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Verdict on the Fourth Pillar

Michael Bitton Posted:
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When BioWare announced Star Wars: The Old Republic, they asserted that MMOs have been lacking in one particular area, what they referred to as the “fourth pillar” of story.  BioWare knew a thing or about crafting great stories and they endeavored to rectify this ‘problem’ by creating a fully voiced MMO with individual storylines for each class.  For whatever reason, many MMO diehards either rejected this notion outright or viewed it with a healthy dose of skepticism, but whatever your feelings were, the fact of the matter is this was one fairly interesting experiment to observe.

Did it make the difference BioWare intended?

I think so! I have a couple of friends who are already spacebar-ing through conversations and there are tons of groups that specifically look for others to spacebar through conversations in Flashpoints. But me? I feel like I can’t go back to the old quest box form of questing. Sure, a seasoned MMO player can see through some of the quests BioWare put together for SW:TOR. Many sidequests ultimately amount to some dude narrating what would normally be in a quest box. Even so, this form of delivering the narrative, whether it’s a simple straightforward fetch quest or part of a large story arc, has really hooked me.

Heck, I still go through all the conversations on the starter worlds when I roll up a new character. I like to look for little bits where dialogue changes based on the type of character I am playing and how I respond. It’s also pretty interesting when you throw group members into the mix. Most of the time, the quest dialogue proceeds normally, but there are times when the game surprises you and involves your group more than addressing whoever won the conversation dice roll. They’re nice, little touches, and I’d rather have the potential for these occurrences than absentmindedly clicking ‘Accept’ in a bunch of text boxes. I recently spent time with TERA during their latest closed beta weekend and I got certain things out of the game that I’m just not getting in The Old Republic, but nothing reinforced my feeling that I’m going to have a hard time going back than playing another MMO for a couple of days.

This is probably the first time since The Matrix Online where I actually cared at all where an MMO developer takes the game’s story. For example, I enjoyed the Kaon Under Siege Flashpoint and felt genuinely curious to find out where the story would go in the second part. I’m also really curious to see where BioWare will take our class stories in future updates or expansions. While the stories aren’t as deep as say, Dragon Age or Mass Effect, I do want to see what adventures await my apprentice and I going forward and I really can’t say I’ve felt anything like that for an MMO before.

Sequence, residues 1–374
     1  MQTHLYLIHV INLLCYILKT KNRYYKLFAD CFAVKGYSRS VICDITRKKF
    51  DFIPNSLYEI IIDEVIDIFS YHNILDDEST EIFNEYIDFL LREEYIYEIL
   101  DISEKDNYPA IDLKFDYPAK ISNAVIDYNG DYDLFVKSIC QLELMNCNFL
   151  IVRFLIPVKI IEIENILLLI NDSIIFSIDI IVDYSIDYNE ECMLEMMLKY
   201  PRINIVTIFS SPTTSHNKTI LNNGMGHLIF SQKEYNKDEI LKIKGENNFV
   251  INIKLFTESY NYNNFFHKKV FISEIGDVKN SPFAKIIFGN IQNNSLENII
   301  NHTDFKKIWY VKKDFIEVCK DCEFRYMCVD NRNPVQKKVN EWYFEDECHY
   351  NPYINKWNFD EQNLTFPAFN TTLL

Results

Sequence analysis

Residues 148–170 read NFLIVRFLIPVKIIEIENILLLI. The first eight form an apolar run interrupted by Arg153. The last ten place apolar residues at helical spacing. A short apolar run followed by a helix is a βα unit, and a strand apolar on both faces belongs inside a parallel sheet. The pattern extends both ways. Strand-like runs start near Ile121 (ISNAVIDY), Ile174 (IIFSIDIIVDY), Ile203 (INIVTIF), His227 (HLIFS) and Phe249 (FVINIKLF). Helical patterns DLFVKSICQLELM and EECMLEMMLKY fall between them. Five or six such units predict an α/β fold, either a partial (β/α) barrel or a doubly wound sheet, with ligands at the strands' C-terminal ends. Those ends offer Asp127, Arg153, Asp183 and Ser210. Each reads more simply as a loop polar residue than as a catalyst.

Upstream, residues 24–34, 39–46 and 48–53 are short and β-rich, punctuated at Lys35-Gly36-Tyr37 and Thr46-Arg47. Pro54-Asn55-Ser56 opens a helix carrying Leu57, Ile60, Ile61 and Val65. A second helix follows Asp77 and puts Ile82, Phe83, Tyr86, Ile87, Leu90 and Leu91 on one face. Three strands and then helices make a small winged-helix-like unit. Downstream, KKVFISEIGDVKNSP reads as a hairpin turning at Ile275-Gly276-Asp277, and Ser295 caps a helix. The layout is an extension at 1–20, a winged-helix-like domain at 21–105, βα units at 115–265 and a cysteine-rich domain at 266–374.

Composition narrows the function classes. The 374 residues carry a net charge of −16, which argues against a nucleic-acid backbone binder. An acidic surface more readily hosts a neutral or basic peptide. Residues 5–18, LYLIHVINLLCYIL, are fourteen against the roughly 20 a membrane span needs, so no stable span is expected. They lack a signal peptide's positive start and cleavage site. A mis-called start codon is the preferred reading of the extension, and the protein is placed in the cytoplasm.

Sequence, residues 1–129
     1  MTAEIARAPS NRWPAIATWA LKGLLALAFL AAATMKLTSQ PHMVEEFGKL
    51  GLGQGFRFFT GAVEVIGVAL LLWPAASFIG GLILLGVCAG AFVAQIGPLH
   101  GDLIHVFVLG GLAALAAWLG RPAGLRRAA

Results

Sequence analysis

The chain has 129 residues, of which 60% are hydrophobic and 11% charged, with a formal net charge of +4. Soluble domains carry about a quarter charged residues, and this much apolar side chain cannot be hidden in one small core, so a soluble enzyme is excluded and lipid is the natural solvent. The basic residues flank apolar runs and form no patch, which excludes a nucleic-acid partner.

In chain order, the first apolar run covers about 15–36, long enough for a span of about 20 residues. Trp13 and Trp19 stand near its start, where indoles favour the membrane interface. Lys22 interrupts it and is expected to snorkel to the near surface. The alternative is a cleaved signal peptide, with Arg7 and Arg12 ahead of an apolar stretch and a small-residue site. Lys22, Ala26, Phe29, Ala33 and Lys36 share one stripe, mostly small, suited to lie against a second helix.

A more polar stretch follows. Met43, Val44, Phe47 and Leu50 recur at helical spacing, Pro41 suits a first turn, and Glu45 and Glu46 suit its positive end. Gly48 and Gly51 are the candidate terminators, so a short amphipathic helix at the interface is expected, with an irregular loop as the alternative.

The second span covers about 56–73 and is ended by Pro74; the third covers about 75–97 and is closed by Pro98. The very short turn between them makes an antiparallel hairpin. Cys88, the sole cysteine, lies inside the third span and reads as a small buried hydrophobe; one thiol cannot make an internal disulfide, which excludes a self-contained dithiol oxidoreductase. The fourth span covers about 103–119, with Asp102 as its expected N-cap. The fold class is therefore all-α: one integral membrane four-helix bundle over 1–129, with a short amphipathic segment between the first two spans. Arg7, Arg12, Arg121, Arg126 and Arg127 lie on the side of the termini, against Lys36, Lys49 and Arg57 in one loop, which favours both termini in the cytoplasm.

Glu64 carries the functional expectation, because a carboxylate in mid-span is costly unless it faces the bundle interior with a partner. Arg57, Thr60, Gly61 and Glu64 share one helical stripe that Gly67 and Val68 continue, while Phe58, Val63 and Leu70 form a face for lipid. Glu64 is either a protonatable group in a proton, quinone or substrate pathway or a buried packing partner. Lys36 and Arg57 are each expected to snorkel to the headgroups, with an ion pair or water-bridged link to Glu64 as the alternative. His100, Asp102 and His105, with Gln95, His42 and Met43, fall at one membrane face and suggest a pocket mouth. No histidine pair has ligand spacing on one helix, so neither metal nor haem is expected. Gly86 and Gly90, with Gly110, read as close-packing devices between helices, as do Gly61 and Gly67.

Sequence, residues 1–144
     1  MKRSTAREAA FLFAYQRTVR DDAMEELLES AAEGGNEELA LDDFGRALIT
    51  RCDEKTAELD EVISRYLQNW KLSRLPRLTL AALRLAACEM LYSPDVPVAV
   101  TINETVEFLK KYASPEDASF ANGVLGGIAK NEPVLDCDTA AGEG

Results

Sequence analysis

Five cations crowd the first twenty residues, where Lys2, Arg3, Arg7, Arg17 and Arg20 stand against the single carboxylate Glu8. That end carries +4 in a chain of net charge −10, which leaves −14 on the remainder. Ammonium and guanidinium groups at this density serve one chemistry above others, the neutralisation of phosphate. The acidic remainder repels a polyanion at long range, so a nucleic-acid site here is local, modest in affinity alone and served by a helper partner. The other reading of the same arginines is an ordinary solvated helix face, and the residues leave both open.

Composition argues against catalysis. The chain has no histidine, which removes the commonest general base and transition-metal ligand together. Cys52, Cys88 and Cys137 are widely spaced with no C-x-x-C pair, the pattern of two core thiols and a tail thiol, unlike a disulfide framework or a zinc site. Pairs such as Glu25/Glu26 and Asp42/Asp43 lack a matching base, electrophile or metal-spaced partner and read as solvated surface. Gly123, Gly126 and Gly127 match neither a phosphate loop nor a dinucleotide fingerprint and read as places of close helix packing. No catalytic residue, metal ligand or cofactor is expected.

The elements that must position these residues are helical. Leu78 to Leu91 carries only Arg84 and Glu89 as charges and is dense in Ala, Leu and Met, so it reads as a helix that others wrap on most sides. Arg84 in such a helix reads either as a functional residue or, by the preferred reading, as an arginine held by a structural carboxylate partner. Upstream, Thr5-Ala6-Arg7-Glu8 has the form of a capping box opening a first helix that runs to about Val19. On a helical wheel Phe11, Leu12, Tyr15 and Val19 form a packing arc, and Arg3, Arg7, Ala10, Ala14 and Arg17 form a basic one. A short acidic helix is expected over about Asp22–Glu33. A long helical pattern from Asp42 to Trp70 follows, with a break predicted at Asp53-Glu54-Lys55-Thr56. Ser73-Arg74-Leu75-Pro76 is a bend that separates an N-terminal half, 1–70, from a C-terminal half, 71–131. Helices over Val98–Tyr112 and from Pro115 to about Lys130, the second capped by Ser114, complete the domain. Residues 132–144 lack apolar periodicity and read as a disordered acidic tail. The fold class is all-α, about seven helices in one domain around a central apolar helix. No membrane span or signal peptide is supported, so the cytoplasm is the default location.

I’m not trying to make the case that the fully voiced story absolves the game of any of its perceived flaws, but I do think BioWare was on the money in identifying story as an important area of deficiency in the MMO genre.  I hope to (and expect) upcoming MMOs to put a stronger emphasis on story than we’ve ever seen before. This is the impact I feel Star Wars: The Old Republic will ultimately make on the genre.

Hint: BioWare, my body is ready for a Mass Effect (or Dragon Age!) MMO.

What I want to know this week is this: Nevermind your feelings for the overall game, did the story bits surprise you and get its hooks into you? Or did you find them more of a nuisance than anything else?

Share your thoughts in the comments below!


Michael Bitton

Michael Bitton / Michael began his career at the WarCry Network in 2005 as the site manager for several different WarCry fansite portals. In 2008, Michael worked for the startup magazine Massive Gamer as a columnist and online news editor. In June of 2009, Michael joined MMORPG.com as the site's Community Manager. Follow him on Twitter @eMikeB